Jain is from Dholpur which is near the famous valleys of the Chambal and having seen a bunch of photos of him posing with some country made rifle he was bound to become the baagi of our gang. And after a Saturday night dinner, the gang decided to do something about it, like open a dhabha or something to do with that meme. Believe me the hobby of domain searching and buying is evil and I warned ‘em but they all wanted it badly (intended exaggeration), all 0x7 of them (except tintin kookdookoo) so I booked 'em a domain.
I had to come up with a prank and as Baagis are known to wear awesome mustaches, I thought let’s take any picture and draw a moochh on it, programmatically of course!
And after a fun Sunday evening with python and opencv I hacked up the prank, baagichhaap that takes in a photo, tries to detect a face (red squares), a nose (blue squares) and a mouth (green squares) and based on the obtained information it draws a moochh on it.
It even works with big images with large number of people in it, with some errors though, blame it on opencv. The above baagichhaap’d photograph was taken by ShowStopper’s DSLR last year, some of the folks in it really look like they own their moochh-es.
We have an IRC channel #baagi on freenode if you care to hangout and we log! The prank lives in our baagi repository.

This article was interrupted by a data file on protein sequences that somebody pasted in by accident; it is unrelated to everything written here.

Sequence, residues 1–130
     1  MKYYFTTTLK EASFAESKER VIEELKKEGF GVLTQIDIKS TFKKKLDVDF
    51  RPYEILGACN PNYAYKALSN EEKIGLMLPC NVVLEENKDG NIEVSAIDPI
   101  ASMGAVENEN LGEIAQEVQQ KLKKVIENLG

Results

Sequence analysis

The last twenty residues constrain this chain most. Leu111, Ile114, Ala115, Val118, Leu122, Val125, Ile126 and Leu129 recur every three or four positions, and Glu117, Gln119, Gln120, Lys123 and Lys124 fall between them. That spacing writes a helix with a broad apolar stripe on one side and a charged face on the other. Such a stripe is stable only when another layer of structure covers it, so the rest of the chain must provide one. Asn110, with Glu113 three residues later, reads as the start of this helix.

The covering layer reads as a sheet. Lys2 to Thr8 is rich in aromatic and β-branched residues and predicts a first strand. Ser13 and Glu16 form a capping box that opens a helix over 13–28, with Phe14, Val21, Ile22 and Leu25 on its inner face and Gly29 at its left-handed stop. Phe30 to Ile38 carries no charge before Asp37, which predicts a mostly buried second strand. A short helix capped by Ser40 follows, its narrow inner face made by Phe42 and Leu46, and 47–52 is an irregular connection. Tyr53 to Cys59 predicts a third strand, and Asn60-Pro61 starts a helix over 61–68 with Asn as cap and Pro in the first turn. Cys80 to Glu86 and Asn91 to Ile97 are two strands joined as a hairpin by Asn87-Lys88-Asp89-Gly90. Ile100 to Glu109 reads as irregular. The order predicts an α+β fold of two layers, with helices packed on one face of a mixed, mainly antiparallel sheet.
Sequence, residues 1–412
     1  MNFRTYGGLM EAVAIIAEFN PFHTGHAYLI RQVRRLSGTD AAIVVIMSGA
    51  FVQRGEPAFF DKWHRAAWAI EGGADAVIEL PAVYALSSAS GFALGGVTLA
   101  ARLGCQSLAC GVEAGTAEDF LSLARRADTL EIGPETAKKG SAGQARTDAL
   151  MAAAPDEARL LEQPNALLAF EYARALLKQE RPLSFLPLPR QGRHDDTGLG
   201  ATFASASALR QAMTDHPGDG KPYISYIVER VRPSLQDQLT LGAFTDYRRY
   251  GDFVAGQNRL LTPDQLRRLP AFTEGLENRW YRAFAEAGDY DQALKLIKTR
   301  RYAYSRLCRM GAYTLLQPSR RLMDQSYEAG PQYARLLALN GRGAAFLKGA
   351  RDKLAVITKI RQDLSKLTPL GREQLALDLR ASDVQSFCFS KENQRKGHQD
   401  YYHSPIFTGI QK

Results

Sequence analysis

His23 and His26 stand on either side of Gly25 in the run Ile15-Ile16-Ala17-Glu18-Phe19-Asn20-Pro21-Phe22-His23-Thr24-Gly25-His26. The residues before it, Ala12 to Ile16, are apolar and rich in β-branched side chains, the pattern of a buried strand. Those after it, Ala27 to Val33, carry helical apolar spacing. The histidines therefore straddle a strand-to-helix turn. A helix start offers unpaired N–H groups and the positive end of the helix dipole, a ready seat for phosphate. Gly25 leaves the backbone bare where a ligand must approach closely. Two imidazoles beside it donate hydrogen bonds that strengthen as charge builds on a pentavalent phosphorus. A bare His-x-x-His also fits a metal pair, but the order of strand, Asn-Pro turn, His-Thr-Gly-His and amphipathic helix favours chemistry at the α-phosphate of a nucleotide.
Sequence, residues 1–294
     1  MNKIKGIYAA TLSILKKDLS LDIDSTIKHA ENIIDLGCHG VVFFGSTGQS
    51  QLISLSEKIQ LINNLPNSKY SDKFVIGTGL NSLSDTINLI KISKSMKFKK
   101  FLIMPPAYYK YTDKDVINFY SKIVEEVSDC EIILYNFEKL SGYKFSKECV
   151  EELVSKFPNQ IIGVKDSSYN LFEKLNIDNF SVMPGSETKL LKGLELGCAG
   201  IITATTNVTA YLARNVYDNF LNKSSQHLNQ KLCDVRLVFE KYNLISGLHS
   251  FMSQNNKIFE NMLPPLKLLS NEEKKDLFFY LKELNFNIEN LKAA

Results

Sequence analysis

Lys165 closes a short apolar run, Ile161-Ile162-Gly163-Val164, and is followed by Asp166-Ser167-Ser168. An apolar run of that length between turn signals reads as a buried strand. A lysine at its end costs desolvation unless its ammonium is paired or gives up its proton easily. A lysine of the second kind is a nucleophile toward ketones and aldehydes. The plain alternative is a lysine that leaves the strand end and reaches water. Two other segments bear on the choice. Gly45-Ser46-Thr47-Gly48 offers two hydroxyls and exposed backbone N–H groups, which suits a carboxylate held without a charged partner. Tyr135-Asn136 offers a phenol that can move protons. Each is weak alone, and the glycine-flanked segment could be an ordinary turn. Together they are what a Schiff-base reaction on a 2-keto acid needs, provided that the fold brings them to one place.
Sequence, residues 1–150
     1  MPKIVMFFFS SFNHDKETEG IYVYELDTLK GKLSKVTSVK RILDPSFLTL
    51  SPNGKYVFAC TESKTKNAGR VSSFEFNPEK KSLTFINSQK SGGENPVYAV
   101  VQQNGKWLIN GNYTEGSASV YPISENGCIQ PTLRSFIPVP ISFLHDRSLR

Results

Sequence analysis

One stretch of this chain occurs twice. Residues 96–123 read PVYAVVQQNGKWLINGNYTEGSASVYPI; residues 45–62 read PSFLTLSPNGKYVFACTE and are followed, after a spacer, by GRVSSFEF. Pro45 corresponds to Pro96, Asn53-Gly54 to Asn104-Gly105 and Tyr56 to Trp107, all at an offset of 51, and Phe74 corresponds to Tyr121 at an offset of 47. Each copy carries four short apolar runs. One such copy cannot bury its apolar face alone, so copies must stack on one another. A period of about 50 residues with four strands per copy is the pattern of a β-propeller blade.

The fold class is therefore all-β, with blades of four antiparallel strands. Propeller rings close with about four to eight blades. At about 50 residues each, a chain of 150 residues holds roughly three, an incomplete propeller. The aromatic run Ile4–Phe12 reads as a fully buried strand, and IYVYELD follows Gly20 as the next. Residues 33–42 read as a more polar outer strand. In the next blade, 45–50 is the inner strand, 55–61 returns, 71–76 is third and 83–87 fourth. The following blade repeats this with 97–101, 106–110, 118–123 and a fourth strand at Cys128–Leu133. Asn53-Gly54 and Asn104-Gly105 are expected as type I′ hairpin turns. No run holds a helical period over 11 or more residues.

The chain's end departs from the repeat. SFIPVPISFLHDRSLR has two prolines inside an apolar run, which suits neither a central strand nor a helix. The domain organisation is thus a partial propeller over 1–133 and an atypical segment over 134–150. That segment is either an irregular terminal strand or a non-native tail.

I love computers! My primary computer is a heavyduty desktop which I’d custom built more than a year ago. I love to hack microcontrollers and I’m still waiting for my RaspberryPi. I’m not a big fan of laptops though. But, as long as any of ‘em can run GNU/Linux, I’m happy.
This morning I was going through some of my rarely used electronic parts (I’ve tons of electronic parts, and perhaps 100s of LEDs, buttons and all sorts of jumpers) which I’ve not used since last one year. Of them I found a UART controlled LCD display, a spare Arduino and bunch of sensors and I decided to make anything that adds some luxury to my desktop experience. A really small hack and this is the result:
A visual luxury to my desktop’s front panel which shows realtime CPU and Memory usage with average temperature of all the cores and bonus an audio visualizer. How was it hacked? It’s an Arduino board that is bolted inside my desktop and communicates with a python server to get the stats serially over an internal USB connection via a FTDI chip. I don’t know if hooking an alcohol or a LPG or a carbon monoxide sensor can be a good idea to implement an alternative method to (say) login. The server has its own fake REPL, the code can be found in my hacktools repository where I put silly hacks like this one every now and then.
So, what have you done lately to pimp your desktop?
I just realized I tend to write all my programs exclusively in Python first. After watchin' all those crazy animals talk in those Lang.Next.2012 videos, for me time has come to learn a new language which is 20+ years old ;)
© Rohit Yadav 2009-2012 | Report bug or fork source | Last updated on 30 Nov 2012